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:: Saturday, January 25, 2003 ::

Cold War II?

Steven Den Beste has been speculating a lot lately on what's going on behind the scenes in the diplomatic dance behind Iraq.

One (not so) recent post wonders if Chirac and Schroeder are suddenly digging in their heels due to fear that acts of treachery will be discovered if Iraq is occupied. Here's the thought that got him going:

The reason I bring this up is that the sheer tenacity with which Chirac and Schr�der continue to do everything in their power, even at this late date, to try to prevent our attack seems to go well beyond pandering to their own internal leftist power bases, or any exercise of true conscience (even if I believed that had anything to do with their opposition to this war). It's reached the point where their efforts are demonstrably damaging their relationships with us, for instance, and that doesn't seem to have diverted them even though their chance now of stopping us is damned near nil. They're paying a big certain long term price in hopes of achieving something which is very unlikely. Why?

Speculating forward from the premise of treachery leads to some pretty scary possibilities -- consider the fallout (sorry) if Iraq were to use a nuke against American troops and it was later discovered that French and German companies helped them build it. That's obviously an extreme scenario, but most of the likely outcomes lead to a serious rift between the US and Europe (at least with France and Germany).

How's this for another explanation? What if Chirac has decided that the UN has outlived its usefulness, from the French point of view. It�s been a fun couple of decades, but it seems likely that the UN will be thoroughly discredited by this whole Iraq. If the UN gambit is over, Chirac has to be thinking about what�s next and trying to find some way to maintain France's status on the world's stage.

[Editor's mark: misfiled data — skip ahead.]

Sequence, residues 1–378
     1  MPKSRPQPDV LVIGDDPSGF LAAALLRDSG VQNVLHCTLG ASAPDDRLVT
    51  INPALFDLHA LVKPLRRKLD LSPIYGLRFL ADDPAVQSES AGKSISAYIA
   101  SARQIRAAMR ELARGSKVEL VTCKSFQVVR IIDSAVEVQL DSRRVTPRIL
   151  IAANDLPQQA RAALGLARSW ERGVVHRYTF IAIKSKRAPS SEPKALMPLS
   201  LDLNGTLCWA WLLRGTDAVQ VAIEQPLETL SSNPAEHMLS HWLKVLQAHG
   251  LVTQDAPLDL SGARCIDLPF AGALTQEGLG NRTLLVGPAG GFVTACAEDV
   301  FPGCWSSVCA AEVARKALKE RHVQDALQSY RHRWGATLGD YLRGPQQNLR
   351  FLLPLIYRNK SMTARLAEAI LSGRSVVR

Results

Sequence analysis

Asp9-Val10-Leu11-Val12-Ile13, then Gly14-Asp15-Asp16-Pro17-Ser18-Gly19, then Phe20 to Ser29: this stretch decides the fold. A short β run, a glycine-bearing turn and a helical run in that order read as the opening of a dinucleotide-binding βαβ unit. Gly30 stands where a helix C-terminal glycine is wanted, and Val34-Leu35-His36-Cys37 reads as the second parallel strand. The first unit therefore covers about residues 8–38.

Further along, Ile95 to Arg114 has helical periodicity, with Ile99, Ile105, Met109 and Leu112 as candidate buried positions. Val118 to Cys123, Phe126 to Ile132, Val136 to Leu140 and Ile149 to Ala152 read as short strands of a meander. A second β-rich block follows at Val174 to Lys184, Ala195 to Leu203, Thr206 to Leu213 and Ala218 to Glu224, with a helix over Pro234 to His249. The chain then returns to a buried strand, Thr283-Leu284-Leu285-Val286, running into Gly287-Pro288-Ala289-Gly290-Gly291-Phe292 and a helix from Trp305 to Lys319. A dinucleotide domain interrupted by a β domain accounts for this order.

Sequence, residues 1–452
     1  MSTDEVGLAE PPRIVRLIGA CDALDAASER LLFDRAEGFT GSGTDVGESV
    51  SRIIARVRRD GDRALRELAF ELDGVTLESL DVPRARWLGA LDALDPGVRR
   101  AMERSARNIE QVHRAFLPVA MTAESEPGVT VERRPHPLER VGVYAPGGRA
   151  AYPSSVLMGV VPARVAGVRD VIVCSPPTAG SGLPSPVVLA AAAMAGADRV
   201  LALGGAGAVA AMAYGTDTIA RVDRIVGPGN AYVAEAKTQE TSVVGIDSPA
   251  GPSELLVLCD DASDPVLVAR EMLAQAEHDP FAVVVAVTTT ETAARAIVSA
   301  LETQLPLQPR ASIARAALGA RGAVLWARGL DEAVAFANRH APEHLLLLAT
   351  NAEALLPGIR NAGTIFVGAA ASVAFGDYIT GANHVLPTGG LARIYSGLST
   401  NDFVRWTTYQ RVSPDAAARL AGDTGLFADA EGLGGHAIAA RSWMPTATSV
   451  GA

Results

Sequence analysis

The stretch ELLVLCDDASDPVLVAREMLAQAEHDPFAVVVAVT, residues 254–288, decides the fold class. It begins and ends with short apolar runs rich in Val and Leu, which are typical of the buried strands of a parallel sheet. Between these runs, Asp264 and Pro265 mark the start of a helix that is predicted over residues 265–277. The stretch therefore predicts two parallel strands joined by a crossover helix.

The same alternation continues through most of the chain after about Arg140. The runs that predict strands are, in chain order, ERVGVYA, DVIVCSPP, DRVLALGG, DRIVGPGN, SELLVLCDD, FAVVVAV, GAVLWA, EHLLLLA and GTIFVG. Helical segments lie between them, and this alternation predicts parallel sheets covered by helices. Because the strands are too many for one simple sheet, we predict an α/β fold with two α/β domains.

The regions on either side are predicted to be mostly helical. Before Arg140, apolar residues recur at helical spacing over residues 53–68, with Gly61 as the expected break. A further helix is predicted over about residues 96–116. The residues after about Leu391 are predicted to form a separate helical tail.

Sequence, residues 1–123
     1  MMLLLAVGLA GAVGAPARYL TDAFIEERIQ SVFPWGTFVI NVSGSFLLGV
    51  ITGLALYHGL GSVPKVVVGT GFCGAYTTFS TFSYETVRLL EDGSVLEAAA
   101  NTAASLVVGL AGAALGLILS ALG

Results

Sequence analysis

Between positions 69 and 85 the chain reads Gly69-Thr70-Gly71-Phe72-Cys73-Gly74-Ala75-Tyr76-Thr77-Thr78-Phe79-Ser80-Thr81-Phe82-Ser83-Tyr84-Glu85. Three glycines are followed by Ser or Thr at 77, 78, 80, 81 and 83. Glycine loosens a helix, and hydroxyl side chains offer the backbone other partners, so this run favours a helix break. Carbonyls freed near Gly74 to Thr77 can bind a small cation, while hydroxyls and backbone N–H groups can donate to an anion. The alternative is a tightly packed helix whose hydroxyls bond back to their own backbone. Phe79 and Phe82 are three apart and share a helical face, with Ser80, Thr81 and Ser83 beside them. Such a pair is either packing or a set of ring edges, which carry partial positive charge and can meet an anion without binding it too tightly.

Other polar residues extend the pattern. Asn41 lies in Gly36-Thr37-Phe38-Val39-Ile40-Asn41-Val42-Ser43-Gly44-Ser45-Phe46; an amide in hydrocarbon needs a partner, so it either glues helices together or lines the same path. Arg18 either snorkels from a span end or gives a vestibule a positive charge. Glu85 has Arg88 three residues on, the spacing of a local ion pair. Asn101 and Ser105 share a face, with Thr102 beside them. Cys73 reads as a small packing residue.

Along comes a weakened Schr�der, looking for any port in a storm, who offers a pact to essentially seize Franco-German control of the EU, on terms much more favorable, and with a greater chance of success, than France has been able to get on its own. That (probably) gives them the governmental throw weight within the EU to turn it into a credible opponent to the US, but just barely. There are plenty of countries that would offer serious resistance, enough to slow the whole project down and possibly place it in jeopardy.

But... If they can pin the blame for the demise of the UN on those unilateral cowboy Americans and wrap themselves in the mantle of warm, fuzzy anti-globo, anti-capitalist goodness, they can win the support of a whole lot of moderate voters in other European countries. Appearances probably matter more than facts in this -- consider the number of Europeans who are outraged about Kyoto without understanding the first thing about it.

Popular support is just the lever they need to start moving those pesky Spaniards and Eastern European governments under the umbrella. As an added bonus, they pick up the sympathy of the entire NGO community and their PR apparatus (which, one could argue, is the most effective aspect of many NGO�s). The UK would be forced to jump one way or the other, but I think the French would be just as happy to see them align with the US.

Have we just seen the opening shot of Cold War II?
:: Erik | 1/25/2003 11:11:00 PM | | ::

Here goes nothing. I'm still tinkering with templates and such, so bear with me.

You can reach me at: waxtadpole2003@yahoo.com
:: Erik | 1/25/2003 10:10:00 PM | | ::

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